Every Indian family has a go-to way of repackaging leftover sabzi into a portable meal; this is one of ours. This sandwich (FYI: Many Indians use the word “toast” to describe both toasts and pressed sandwiches) originated when my parents bought this particularly dope panini press that imprints a shell pattern onto the bread, and also seals down the edges so they get nice and crispy. My best memories of Bombay toasts are of making them the morning after Thanksgiving using leftover aloo gobhi, wrapping them in foil, taking them along to the Black Friday sales, and devouring them while perusing the racks. If you’re like me and have a panini press collecting dust in the back of your cabinet, this is the recipe you should be bringing it out of retirement for. But don’t worry if you don’t have one—Bombay toast is foolproof no matter how you make it, and even more forgiving when dipped into ketchup (or cilantro chutney).
leftover potato-based sabzi (Roasted Aloo Gobhi, recipe follows, is my personal favorite)
slices multigrain bread
grated cheddar cheese (1 ounce; optional)
Olive oil or butter, for cooking
Ketchup, for serving
Roasted Aloo Gobhi
medium russet potatoes, cut into 2-inch-long sticks
medium head cauliflower, cut into small florets
olive oil, divided
small yellow onion, finely diced
asafetida (optional, but really great)
red chile powder
julienned fresh ginger (see Tip below)
fresh lime juice (from about half a lime), plus more if needed
kosher salt, plus more if needed
chopped fresh cilantro (stems and leaves), for garnish
In This Recipe
Mash the sabzi lightly with a fork to make it easy to spread.
Spread the sabzi evenly over one slice of bread, sprinkle with the cheese (if using), and top with the other slice. (Note that if you’re making the sandwich in a pan, not on a panini press, it’s worth including the cheddar cheese to help bind the sandwich together.)
If you have a panini press, heat it on medium, swipe a little oil or butter over the plates, and press the sandwich until the bread turns golden brown with crispy edges.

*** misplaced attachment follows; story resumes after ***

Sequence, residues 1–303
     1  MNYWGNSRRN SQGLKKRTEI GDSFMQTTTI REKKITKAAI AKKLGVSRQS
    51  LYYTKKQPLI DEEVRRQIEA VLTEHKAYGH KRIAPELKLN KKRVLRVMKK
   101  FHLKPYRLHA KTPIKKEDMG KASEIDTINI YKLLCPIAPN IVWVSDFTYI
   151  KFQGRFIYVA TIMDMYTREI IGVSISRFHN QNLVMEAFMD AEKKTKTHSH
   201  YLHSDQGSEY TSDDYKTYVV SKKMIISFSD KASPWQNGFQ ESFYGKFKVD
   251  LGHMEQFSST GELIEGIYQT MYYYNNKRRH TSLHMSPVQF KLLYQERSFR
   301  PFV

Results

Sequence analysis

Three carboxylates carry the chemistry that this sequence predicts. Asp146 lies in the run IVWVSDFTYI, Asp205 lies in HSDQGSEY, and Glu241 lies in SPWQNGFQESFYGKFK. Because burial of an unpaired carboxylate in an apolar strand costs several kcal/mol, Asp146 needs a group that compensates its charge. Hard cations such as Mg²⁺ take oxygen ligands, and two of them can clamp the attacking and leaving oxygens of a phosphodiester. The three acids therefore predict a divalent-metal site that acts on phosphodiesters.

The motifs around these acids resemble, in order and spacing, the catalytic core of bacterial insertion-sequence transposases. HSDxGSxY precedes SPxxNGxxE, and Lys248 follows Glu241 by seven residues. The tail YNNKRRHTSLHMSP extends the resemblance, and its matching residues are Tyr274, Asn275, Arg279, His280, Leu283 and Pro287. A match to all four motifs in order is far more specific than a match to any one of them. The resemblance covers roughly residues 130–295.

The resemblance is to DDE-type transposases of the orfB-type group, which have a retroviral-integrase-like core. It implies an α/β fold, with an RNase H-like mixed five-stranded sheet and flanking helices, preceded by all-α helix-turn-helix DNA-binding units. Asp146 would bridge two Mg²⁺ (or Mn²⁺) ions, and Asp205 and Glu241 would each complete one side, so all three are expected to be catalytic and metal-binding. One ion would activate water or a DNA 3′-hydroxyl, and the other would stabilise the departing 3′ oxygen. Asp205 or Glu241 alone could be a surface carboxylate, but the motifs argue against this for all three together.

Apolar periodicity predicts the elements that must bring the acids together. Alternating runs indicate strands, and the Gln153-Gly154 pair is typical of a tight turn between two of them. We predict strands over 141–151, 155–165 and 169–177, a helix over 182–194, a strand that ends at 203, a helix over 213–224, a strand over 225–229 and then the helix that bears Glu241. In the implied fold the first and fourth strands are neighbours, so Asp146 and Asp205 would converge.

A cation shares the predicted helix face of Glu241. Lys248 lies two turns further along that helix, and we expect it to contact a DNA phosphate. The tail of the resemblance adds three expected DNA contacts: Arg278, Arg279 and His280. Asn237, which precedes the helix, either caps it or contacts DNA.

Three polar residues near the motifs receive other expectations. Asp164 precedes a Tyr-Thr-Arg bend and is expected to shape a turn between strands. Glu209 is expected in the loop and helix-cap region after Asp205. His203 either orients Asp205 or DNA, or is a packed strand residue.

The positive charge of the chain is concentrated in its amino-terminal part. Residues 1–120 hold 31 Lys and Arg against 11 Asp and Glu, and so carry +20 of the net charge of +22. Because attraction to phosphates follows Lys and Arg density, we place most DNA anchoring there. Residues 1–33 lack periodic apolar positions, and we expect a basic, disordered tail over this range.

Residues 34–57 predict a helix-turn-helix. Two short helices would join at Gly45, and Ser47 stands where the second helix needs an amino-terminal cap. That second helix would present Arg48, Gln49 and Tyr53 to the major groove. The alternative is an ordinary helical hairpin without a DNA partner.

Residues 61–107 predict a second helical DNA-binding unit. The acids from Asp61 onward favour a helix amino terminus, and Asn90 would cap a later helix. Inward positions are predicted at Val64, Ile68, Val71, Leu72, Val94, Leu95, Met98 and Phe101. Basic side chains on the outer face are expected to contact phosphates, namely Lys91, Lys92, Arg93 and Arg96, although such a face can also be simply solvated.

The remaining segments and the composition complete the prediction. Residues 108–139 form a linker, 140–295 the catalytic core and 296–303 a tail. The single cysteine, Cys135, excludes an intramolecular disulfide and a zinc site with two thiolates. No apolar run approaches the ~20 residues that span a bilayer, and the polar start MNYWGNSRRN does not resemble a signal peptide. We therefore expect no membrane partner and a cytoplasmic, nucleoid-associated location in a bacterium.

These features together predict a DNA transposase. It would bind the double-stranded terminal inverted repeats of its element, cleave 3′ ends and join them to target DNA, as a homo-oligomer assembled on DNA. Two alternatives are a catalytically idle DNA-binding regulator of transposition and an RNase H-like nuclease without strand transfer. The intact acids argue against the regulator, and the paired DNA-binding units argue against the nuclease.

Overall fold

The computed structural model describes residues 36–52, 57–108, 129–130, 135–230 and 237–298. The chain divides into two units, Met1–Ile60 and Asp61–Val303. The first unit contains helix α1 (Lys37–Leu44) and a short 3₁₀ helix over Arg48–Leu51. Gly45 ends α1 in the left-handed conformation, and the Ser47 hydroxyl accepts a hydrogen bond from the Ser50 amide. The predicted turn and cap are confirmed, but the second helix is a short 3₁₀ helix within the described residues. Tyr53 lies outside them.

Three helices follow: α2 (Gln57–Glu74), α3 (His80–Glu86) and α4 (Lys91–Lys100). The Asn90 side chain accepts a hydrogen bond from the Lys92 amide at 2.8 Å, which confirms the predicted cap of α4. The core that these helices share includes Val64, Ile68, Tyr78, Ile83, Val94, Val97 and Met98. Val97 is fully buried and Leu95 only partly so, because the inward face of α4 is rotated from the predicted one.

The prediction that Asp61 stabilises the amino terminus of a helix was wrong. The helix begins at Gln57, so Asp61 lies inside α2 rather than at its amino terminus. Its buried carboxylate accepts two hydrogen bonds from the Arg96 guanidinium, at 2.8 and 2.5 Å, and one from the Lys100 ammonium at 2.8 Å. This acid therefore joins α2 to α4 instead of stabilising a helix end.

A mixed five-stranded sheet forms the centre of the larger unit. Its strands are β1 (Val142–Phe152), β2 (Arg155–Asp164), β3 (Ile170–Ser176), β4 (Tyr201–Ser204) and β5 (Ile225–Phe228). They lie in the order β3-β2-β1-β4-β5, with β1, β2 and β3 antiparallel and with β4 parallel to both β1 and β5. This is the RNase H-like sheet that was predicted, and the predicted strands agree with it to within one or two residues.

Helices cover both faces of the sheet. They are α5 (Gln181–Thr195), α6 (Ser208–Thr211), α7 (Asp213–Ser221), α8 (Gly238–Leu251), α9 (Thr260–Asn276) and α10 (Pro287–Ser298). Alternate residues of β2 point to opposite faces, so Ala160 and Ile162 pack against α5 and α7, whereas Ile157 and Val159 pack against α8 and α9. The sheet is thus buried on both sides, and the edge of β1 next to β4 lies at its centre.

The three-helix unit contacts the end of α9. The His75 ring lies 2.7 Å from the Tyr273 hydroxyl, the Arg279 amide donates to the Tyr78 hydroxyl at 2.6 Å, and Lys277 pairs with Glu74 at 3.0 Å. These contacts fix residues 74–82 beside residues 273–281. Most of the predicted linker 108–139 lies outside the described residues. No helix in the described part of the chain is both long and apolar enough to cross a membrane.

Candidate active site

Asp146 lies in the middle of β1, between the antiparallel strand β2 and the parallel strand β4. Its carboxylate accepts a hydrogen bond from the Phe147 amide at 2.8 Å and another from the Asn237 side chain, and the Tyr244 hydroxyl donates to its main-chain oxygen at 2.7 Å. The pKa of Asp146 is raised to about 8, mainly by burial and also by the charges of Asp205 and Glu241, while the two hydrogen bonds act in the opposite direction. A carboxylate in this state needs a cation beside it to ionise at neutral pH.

if you don’t have a panini press, heat a skillet over medium heat, swipe the surface with a little oil or butter, and put the sandwich in the pan. Set a heavy plate on top to weigh it down and cook for a minute on each side.
Serve with a generous squiggle of ketchup.
Roasted Aloo Gobhi
Preheat the oven to 400°F. Line a baking sheet with foil.
Spread the potatoes and cauliflower over the prepared baking sheet and toss them with 3 tablespoons of the oil. Spread them in an even layer and roast for 30 minutes, or until the cauliflower and potatoes have browned and slightly crisped, tossing them once halfway through the cooking time. Set the vegetables aside to cool.
Meanwhile, in a large saute pan over medium-high heat, warm the remaining 2 tablespoons oil. Once the oil begins to shimmer, add the cumin seeds and cook until they turn a medium shade of brown, about 1 minute max. Reduce the heat to medium and swirl in the turmeric. Add the onion and saute, stirring, for 4 to 6 minutes, until the onion becomes translucent. Add the asafetida (if using), red chile powder, and ginger and cook for another minute.
Stir in the roasted potatoes and cauliflower, including any charred bits from the foil, and gently mix everything together (don’t overmix, or the cauliflower will fall apart). Add the salt and cook for 5 to 6 minutes more, until the potatoes and cauliflower are tender (but not soggy!). Remove from the heat and add the lime juice. Taste and adjust the lime juice and salt, if needed. Garnish with the cilantro before serving.
Tip: The easiest way to julienne ginger is to cut the piece of ginger in half lengthwise, cut it into slices, also lengthwise, then cut each slice into thin strips. Cut with, not against, the grain (you know you’re going against the grain if you see tiny threads coming out of the ginger as you cut it).